How to write (terrible) documentation
Hey, hey software developer! You just finished writing some badass code for a new product or tool that everyone is going to want to use, right? Now, time for the easy part — write some docs to help all your new users onboard with your project, you rockstar, you.
These handy tips will ensure that even the most well thought out products will be completely unapproachable to the average user. Because, who wants to attract average users.
Step 0— Make assumptions about your user’s knowledge base
You’re a 10X rockstar, unicorn, guru developer with 20+ years experience in your field and 2 PhD’s, yes? Cool, cool; assume everyone else has these same credentials when writing your technical docs. Throw in unnecessary theoretical math and refer obscurely to Satoshi Nakamoto’s white paper for no apparent reason.
Step 1— Don’t include code samples or use cases for your product
Look, the user should be able to figure out how to utilize your tool in their code base just through instinct. Don’t worry about explaining required parameters for functions or providing sample code that shows how to achieve desired results. Let error messages be the user’s guide — they’ll figure it out eventually.
Step 2— Use technical jargon when plain English would suffice
Does your software use someone else’s server? Nope — it’s serverless. Is your software hosted on someone else’s network of computers? Nope — it’s cloud-based. Did you write a snippet of code that performs a repeatable function? Hell nah — that’s a proprietary algorithm. Oh, also, if you use an obscure technical term, definitely don’t define it or explain it. That’s what Google is for.
How are you ever going to get funding if you don’t confuse the shit out of your users and potential investors to get them to blindly throw money at you, right?
Step 3—Repeatedly redirect users to other pages within your docs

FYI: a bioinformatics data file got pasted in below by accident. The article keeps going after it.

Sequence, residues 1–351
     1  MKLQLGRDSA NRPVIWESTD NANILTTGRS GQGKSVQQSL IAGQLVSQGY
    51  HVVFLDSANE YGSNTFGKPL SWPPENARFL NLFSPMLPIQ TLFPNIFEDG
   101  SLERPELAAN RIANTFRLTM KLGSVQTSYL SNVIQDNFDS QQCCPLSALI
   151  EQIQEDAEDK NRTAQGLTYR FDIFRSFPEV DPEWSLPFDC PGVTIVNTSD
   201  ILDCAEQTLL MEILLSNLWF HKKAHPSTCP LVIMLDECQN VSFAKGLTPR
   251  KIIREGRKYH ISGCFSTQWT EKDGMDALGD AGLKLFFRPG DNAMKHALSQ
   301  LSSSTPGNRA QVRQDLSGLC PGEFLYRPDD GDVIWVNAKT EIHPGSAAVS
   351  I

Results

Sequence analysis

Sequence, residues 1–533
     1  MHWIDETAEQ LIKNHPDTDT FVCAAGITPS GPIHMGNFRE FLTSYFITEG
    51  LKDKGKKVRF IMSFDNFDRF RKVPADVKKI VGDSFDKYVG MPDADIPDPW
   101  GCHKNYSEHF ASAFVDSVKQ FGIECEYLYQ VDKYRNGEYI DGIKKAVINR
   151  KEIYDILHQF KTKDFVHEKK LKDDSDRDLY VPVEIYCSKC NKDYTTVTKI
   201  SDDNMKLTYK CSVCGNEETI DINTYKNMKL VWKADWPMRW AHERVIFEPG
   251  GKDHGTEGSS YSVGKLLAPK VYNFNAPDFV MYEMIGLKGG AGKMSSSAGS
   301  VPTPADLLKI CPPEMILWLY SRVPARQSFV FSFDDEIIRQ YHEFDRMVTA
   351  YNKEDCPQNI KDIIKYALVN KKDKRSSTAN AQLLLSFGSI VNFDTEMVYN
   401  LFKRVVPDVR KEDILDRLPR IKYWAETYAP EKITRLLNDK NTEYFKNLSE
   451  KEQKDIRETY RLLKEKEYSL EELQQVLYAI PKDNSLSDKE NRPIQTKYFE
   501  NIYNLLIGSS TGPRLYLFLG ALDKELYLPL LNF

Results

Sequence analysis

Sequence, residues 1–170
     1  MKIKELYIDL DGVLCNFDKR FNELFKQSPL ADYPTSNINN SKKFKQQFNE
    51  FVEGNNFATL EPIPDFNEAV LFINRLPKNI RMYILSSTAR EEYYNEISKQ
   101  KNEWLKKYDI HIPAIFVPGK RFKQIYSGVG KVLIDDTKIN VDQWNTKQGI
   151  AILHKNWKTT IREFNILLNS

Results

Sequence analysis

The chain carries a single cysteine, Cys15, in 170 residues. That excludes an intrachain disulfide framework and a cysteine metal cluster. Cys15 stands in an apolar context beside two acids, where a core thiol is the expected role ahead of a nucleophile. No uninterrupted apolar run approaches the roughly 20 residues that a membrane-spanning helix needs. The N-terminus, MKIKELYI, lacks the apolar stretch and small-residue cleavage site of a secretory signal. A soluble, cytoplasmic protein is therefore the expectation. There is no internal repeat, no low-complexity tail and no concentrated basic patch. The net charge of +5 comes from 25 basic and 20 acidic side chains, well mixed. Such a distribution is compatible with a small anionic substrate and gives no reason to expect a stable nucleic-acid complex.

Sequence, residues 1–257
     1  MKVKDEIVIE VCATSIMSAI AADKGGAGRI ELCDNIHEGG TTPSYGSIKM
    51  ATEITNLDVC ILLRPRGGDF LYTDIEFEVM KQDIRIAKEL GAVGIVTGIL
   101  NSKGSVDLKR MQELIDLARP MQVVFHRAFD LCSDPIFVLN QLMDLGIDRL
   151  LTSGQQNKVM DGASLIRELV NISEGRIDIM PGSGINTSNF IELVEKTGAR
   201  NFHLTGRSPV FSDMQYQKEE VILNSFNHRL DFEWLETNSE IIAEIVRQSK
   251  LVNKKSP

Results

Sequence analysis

Ideally, don’t actually explain or define anything until the user is, like, 10 clicks deep into your documentation. Even better, once the user gets about 15 clicks in, redirect them back to the home page of your project docs. Brilliant.
Step 4 — Leave out critical details from your setup process
Does your user need to follow specific protocols to be able to use your product? Of course they do — but don’t tell them that. They should just know. If your user needs to install specific versions of dependencies to use your tool, they can figure that out on their own. Leave out a dependency or two, just for shits and giggles. In the long run, your user will gain valuable debugging skills from trying to figure out how to get your epic product up and running.
Step 5— Use unreadable fonts and colors, and HTML templates that look like they’re fresh out of 1998
Ideally, when users get to your docs page, you want their face to look like this:
Because you don’t want to give anyone the impression that you care about appearance or front-end development or UI/UX design. Is front-end development even real engineering? Lol, of course not! So why waste your time making your docs readable and accessible? All your power users are just going to use the man pages in their terminals anyway, and they’re really the only ones who matter.
Well, there you have it. A foolproof guide to writing god-awful, mind boggling documentation and alienating your users. If all else fails, just create a splash page that perpetually says your documentation and support are “coming soon”.
This satire is based on experiences I have had reading extremely confusing and/or non-existent documentation. My intention in writing this is not so much to poke fun at bad documentation, as it is to point out how important, and how difficult it is to write clear, easy to follow, documentation. Want to hire an engineer who also writes solid docs? What luck! I’m on the market, we should talk.